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Fighting oppression in Kazakhstan
AS PART of a delegation by the European United Left (GUE/NGL) in the European parliament, Joe Higgins, Socialist Party MEP recently visited Kazakhstan to meet with independent trade union activists, human rights defenders, journalists, ex-prisoners and political activists and people from the social movements. Tanja Niemeier reports.
HUGE BILLBOARDS of Kazakhstan's president Nursultan Nazerbayev are displayed on the road between the newly built capital city Astana and the mining area Karaganda, 200 kilometres south of Astana. They show the president surrounded by happy looking people. The billboards seem to portray the image of a widely popular "leader of the nation". Nothing could be further from the truth.
In June 2010, a law was passed that essentially turns Nazerbayev into president for life. The same law forbids any criticism of the president and members of his family. Disgracefully, this law was passed while Kazakhstan chaired the OSCE (the Organisation for Security and Cooperation in Europe), an international organisation that claims to defend and monitor democratic rights. However, according to OSCE sources, no official criticism of this law was made by any of the 56 member states of the OSCE.
Nazerbayev has ruled Kazakhstan for the past 20 years and receives Stalinist-type election results of 91% support, which subsequently leaves Nazerbayev's party as the only party in the parliament. These results were not only questioned by the opposition but also by international monitoring organisations. This has turned the country into a very difficult climate for oppositionists.
Vadim Kuramshin, a well respected lawyer and human rights activist was arrested two days before our first meeting in Karaganda where he wanted to give evidence of the humiliating conditions prisoners face. [Vadim was released from prison in Kokshetau, in the north of Kazakhstan only hours after Joe's delegation left the country.]
The prisons in Kazakhstan are overcrowded. In August, self-inflicted mass cuttings of wrists and stomachs took place in a prison in the Karaganda region in protest against the barbaric conditions of the prison regime which they face day in and day out.
The authorities are obviously frightened that the truth travels around the world and that is why Vadim Kuramshin was arrested.
"If this government does not even grant the basic democratic and workers' rights to its population, then it is not surprising that they treat prisoners in this disgraceful way", reports an activist of Kazakhstan 2012, a political movement that tries to unite the different protest and social movements across the country.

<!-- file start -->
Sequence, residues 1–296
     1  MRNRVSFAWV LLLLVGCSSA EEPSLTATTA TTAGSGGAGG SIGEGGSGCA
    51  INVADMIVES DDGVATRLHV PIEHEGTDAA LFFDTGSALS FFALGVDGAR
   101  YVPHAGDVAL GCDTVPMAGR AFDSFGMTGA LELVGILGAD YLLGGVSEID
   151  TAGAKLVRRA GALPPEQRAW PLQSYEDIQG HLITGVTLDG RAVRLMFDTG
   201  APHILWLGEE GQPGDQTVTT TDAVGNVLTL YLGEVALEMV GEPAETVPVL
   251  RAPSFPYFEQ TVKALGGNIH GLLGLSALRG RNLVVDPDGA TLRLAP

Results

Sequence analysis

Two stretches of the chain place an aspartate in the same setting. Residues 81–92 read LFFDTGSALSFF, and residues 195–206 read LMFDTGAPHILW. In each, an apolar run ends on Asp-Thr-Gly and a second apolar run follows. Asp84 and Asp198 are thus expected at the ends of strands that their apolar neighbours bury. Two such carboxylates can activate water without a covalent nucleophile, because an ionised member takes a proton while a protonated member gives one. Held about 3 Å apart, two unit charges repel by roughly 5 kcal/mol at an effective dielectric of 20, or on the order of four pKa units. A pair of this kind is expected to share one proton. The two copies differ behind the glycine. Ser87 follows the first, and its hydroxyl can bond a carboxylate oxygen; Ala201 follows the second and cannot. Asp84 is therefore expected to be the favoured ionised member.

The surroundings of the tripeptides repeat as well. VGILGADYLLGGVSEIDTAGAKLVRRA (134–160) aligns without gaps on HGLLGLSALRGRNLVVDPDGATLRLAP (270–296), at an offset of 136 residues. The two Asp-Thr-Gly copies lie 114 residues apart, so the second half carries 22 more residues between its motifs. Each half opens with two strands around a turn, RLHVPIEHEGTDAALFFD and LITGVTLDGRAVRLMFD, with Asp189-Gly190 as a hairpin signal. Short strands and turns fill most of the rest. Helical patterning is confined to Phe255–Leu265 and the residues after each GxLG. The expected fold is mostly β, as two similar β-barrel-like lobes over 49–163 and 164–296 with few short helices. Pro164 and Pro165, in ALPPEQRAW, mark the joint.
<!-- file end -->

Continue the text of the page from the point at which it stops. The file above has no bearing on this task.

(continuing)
One of the priorities for Kazakhstan 2012 is the building of independent trade unions that can effectively defend the interests of working class and poor people in the country. Most of the official trade unions are remnants of the old Stalinist state unions and are in the pockets of the government, others are company based and very often controlled if not set up by management itself.
Families of miners, scientific researchers, medical workers, oil workers, railway workers - some of whom spent 44 hours on the train to meet with us - spoke about explosions in the mines that leave workers dead or injured due to the lack of health and safety rules.
Despite the repressive character of the regime, we met dedicated fighters who want to see change in the country and are determined not to bow to the regime.
There is also a widespread understanding of the corruption of the regime and the fact that the huge wealth of the country is handed over to big multinational companies while people live in dire economic circumstances.
It seems that it would not take much to spark a major movement across the country. "We will need to fight until we become bosses in our own home again", said another activist from Kazakhstan 2012 who thanked Joe for coming and listening to the ordinary people of the country.
In The Socialist 15 September 2010:
Socialist Party editorial
Socialist Party youth and students
Feature: Socialist Party women
Socialist Party news and analysis
Socialist Party workplace news
International socialist news and analysis
Socialist Party review